Calgary’s REALTORS® are welcoming the province’s decision to back down on its “rash” decision to require mandatory warnings on land titles for properties in areas at risk for flooding.
“They weren’t in a position to make any decisions,” said CREB® President Becky Walters. “So why somebody decided to come out with that kind of a rash announcement was really just a reaction to the capacity they were dealing with at that point, and somebody said ‘What about the future?’
“It wasn’t thoroughly thought through. It was an unfortunate reaction.”
Following the flooding that affected several communities in Southern Alberta, the Redford government proposed all homes currently in floodways would have a mandatory “location notice” on their land title to warn future owners of flood risks.
“Since we introduced our flood mitigation program to protect homeowners from future floods a few weeks ago, some common questions have been raised,” said Rick Fraser, associate minister of Regional Recovery and Reconstruction. “We’ve heard Albertans loud and clear and have taken their feedback to adjust the policy.”
Those homeowners who live on floodways and flood fringes who received disaster aid from the province will still have the fact they received funding included on their land titles. For property owners in the flood fringe areas, the notice will be removed from the land title once minimum mitigation requirements have been met. However, the notice will remain on those homes on floodways to indicate future owners will be ineligible for future funding.
Property-owners who received an advance Disaster Recovery Program payment may return the payment in order to avoid the notice.
The changes also came under fire from Alberta’s official opposition with calls the modifications will only serve to further complicate already strained homeowners.
“[The] announcement will only increase the confusion of flooded out residents. It will also suggest to those living in floodways which were not flooded this year, that the process of flood mapping is irrelevant as future flood ways may now be determined simply by where the next flood strikes,” said Wildrose Municipal Affairs Critic Bruce Rowe.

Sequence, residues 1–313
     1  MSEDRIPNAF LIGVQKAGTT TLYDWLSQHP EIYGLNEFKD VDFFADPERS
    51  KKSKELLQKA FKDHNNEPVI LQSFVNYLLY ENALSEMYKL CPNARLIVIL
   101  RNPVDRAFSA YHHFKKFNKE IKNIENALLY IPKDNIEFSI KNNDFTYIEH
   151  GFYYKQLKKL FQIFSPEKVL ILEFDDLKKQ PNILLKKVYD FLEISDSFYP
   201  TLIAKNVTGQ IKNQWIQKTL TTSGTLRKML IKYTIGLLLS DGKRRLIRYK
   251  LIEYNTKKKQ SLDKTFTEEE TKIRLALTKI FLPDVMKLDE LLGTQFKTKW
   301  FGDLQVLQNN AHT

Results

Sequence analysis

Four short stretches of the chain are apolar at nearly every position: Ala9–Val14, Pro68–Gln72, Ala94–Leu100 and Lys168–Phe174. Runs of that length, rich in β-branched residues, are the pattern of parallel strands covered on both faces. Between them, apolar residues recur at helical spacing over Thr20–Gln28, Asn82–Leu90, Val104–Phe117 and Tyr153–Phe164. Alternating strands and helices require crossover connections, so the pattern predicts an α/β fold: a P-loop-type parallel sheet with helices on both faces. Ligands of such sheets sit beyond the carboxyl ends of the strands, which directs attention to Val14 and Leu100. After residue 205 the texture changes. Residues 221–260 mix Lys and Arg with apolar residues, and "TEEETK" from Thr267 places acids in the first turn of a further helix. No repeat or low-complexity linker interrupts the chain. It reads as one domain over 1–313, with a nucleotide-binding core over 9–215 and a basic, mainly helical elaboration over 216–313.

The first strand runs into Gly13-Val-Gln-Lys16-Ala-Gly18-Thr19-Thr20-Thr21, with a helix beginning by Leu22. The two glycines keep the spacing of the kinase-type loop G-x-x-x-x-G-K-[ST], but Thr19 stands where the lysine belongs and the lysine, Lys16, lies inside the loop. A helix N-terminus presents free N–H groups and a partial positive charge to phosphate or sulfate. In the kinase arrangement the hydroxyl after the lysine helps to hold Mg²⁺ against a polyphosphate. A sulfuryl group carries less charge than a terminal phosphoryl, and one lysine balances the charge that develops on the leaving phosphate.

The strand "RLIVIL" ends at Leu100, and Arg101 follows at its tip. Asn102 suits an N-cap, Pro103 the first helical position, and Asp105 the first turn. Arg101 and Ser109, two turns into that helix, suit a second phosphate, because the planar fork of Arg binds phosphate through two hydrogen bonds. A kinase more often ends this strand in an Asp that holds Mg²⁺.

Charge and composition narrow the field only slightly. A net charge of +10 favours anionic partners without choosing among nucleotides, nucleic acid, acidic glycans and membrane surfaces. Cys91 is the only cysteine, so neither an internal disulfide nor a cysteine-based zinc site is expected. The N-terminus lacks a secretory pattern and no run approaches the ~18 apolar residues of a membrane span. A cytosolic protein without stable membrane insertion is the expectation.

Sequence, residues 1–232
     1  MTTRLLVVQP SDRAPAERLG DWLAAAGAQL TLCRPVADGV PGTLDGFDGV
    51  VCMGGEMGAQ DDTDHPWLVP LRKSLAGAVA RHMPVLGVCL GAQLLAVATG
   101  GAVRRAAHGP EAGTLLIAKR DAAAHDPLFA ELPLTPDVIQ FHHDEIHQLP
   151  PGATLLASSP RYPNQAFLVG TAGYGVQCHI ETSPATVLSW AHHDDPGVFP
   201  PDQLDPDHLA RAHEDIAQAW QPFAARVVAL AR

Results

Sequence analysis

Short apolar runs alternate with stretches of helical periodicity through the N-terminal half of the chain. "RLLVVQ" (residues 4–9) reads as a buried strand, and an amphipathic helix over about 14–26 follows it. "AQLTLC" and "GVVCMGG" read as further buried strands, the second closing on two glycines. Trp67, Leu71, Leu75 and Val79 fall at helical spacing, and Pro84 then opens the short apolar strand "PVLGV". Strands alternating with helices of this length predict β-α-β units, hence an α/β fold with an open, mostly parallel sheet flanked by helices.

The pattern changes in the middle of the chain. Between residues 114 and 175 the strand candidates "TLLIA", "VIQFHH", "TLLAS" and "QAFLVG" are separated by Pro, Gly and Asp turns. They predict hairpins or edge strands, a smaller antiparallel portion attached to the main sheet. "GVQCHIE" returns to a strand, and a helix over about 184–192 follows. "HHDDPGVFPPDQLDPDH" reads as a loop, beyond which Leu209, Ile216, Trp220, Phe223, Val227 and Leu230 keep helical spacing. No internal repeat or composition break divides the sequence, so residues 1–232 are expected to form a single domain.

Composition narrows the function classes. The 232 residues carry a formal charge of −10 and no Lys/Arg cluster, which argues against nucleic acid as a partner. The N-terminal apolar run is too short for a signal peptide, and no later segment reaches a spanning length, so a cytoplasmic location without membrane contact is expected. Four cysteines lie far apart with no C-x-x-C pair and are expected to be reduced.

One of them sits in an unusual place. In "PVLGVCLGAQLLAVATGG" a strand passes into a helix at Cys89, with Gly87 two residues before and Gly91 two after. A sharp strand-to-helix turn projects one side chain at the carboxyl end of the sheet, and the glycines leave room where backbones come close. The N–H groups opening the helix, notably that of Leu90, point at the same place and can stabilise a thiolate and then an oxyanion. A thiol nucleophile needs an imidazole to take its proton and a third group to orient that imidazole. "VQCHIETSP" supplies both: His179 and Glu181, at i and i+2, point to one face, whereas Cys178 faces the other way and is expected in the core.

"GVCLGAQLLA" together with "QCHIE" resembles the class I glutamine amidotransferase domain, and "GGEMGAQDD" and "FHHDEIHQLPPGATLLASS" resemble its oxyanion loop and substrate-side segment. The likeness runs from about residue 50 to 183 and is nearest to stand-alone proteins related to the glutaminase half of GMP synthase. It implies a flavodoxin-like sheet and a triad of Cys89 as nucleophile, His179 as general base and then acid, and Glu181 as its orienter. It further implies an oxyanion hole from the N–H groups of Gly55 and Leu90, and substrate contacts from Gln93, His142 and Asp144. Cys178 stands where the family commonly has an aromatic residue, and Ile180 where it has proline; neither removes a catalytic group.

The Redford government has also made what they are calling “minor” changes to the minimum mitigation measures. Designed to minimize basement damage and speed restoration, the new measures give homeowners the option of leaving their basements unfinished, using cleanable, “moisture resistant” materials or using disposable materials.
“We want to help property owners get their homes back to normal as quickly as possible while ensuring the property is protected from future floods,” said Fraser. “These changes will make mitigation easier and more efficient.”
The changes also apply to electrical equipment in the home, where mitigation includes relocating the main electrical panel from the basement, installing a weatherproof disconnect switch on the outside of the building and/or installing a service panel in the garage and feeding the house as a subpanel.
The provincial government stated additional funding will be available through the Disaster Recovery Program for homeowners to meet these new requirements.
In addition to checking their property on the flood mapping hazard website, Walters recommends consulting your REALTOR® for any precautions people should take when purchasing a home, especially for those moving to the city for the first time.
“People coming from out of town are the ones that are going to be uneducated [about the flooding] and they need to make sure they ask the question of their REALTOR® ‘How do I find out whether or not this property I’m interested in has been affected?’”
Walters recommends before purchasing, buyers ensure affected homes are able to be insured and financed, and consider the possibility of inserting those items in their offer to purchase.
Applications for the Disaster Recovery Program are available online at www.alberta.ca or by calling 1-888-671-1111.